Platform A: strengthening communities one microgrant at a time
Featured Story: Platform A
In 2016, a total of 77 arts projects are being funded through Platform A, a partnership program that offers microgrants to under-resourced artists and collectives.
“When I was a newcomer to Canada in 2009, I had never been actively involved in a community-engaged project, nor did I know much about the different communities that exist here. Jumblies and Platform A became my starting point for exploring new territories and meeting new people,” states artist Adrienne Marcus Raja who is originally from Sarawak, Malaysia.
Raja is a media artist who recently facilitated an experimental film program in the Jumblies studio. Participants were encouraged to draw on and manipulate 16mm celluloid film to create animations. “The artistic process is painstakingly slow, but one can experiment without worrying about perfection… I hoped that, through these workshops, participants would have fun playing with this form that is rapidly disappearing in the wake of digital technology,” Raja explains. Individuals of all kinds attended the workshops, which were held during Jumblies’ regular drop-in arts sessions. “We had kids as young as 7 years old to adults of all ages dropping by and leaving a mark on the film,” notes Raja.
The artist has a unique relationship with the Platform A program. She was first introduced to Platform A in 2013 when she received a micro-grant to intern at Jumblies Studio, one of four partner organizations of the program. “Throughout my Platform A internship, Jumblies provided me with a safe learning space where artists and community members could build trust and mutual respect while exploring and working alongside each other.” For Raja, the community connections gained through Jumblies was essential to her growth as an artist. She explains:
“I have to admit that I was – and still am – part of an indigenous community that has traditionally had little experience, or interest in, cultures other than its own. It has been a big step for me to go outside my own small sphere of existence and engage with other communities and beliefs, but it has deepened my awareness of and respect for other cultures. Platform A, especially with Jumblies, has played a big part in providing a path for me, to move further in seeing how making art can bring people together from different backgrounds, especially fellow newcomers, to create memories and gain new knowledge about the land we currently stand on.”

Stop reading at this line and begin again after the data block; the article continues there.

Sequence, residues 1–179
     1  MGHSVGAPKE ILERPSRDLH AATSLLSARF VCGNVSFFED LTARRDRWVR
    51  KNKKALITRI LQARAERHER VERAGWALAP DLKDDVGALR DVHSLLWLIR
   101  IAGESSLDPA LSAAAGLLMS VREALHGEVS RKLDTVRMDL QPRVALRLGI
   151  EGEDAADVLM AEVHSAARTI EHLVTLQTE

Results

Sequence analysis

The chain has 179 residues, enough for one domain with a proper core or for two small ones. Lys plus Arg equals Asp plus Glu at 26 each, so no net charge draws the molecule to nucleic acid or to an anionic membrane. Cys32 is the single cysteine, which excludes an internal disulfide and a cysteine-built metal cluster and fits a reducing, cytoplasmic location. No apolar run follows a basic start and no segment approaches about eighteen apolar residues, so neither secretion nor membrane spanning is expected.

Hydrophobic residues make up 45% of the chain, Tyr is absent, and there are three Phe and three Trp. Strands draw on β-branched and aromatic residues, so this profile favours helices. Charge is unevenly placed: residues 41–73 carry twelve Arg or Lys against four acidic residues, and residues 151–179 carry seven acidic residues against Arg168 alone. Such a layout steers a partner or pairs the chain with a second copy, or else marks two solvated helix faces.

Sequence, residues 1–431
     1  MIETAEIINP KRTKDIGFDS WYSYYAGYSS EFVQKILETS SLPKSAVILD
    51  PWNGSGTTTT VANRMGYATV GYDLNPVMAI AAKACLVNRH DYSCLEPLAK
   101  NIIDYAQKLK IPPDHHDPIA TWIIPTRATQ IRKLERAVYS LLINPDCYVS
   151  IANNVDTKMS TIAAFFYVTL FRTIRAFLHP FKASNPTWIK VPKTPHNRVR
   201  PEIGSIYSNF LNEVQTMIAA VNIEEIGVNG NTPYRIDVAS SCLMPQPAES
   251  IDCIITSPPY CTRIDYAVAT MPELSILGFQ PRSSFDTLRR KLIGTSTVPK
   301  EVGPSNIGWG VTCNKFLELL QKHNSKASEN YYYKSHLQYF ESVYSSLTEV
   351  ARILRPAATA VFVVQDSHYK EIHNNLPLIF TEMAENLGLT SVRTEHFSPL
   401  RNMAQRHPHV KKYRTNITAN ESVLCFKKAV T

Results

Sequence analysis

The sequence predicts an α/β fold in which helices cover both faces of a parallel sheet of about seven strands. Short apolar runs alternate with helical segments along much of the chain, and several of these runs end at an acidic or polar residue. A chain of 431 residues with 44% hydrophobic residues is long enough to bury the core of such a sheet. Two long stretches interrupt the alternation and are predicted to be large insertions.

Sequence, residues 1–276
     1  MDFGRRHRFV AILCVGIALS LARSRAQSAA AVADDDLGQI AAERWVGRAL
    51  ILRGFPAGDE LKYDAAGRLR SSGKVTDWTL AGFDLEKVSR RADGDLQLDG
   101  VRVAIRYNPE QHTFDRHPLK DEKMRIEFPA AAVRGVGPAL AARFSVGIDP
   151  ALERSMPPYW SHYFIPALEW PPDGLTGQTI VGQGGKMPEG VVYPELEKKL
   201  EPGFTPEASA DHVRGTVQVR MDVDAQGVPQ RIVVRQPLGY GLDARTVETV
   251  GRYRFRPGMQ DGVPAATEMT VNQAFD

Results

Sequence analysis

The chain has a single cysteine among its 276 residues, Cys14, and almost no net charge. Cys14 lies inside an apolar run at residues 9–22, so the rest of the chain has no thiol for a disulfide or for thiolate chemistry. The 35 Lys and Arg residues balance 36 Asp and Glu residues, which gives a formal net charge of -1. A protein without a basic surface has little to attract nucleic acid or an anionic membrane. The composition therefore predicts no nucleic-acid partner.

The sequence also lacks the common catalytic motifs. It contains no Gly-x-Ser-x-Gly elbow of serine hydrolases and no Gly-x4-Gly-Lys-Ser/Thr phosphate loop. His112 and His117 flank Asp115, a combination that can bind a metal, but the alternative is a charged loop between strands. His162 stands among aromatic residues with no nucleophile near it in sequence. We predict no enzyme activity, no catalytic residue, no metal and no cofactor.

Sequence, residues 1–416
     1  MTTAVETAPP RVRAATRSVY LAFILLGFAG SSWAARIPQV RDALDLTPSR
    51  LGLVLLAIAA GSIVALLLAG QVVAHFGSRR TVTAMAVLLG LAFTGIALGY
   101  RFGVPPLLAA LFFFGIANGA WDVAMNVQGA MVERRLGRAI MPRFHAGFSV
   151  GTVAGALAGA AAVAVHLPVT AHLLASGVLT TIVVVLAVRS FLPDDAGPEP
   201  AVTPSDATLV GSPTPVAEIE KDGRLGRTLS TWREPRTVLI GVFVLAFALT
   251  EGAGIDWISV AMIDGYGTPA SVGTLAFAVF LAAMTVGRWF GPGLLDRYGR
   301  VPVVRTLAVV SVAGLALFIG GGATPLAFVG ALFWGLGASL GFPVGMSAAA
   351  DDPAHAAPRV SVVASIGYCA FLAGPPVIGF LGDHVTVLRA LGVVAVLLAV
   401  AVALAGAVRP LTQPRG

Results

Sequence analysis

The other Platform A partner organizations include SKETCH, VIBE Arts, and Art Starts, all of which are deeply connected to communities of emerging, newcomer or under-resourced artists. Outreach to potential applicants, administration and adjudication of the applications are all executed by the four partnering organizations. In addition, bridge-building and mentorship opportunities are provided. As these are often the first grants they receive, the Platform A initiative plays a significant role in introducing the granting system to new applicants, and enables TAC funding to impact a wider network of artists.
Adrienne Raja’s story is one of many from artists who have benefited from the Platform A program. Originally from India with a background in architecture and folk art, Poonam Sharma captivated St. James Town just one year after moving to Canada with her project entitled Mirror Me (funded in 2014 through Art Starts). With this project, Sharma encouraged local youth to explore self-identity through the art of collage. Poonam explains the significance of the grant:
"You are new in a country and meet new faces every day. You have your art and wonderful ideas. The only thing that you look for is a helping hand. Someone who shows trust in you. And this is what I got from Art Starts and Platform A. My first microgrant that gave me strength to turn my dream project into reality. My first step into this new world of art.”
Since the completion of this project, Sharma’s success continues; in 2015 she received her first TAC Community Arts project grant for Mural of Nations, a public mural that was created in St James Town, and she received a micro-award through the Toronto Arts Foundation RBC Arts Access Fund which gave her the opportunity to increase her artistic skills by learning Blue Pottery.
In the fall each year when Platform A projects are complete, Jumblies Theatre hosts an exhibition called A Show that showcases all of the work that was produced. It’s a great opportunity for artists like Raja and Sharma to network and display their work. Liz Forsberg, Executive Director of Art Starts, reflects on A Show: “There is so much creative energy in the room and the feeling that people are tapping in to their fullest potential in actualizing their creative projects is infectious. It's an important space for them so that they can form networks amongst each other, meet potential collaborators, form support networks and form audiences for their work.”
Click HERE to see the most recent recipients of Platform A micro-grants
Click HERE for details about the program
View Adrienne Marcus Raja's work: www.adriennemarcusraja.com
Click HERE to read more about Poonam Sharma
Follow other success stories on Twitter: #PlatformA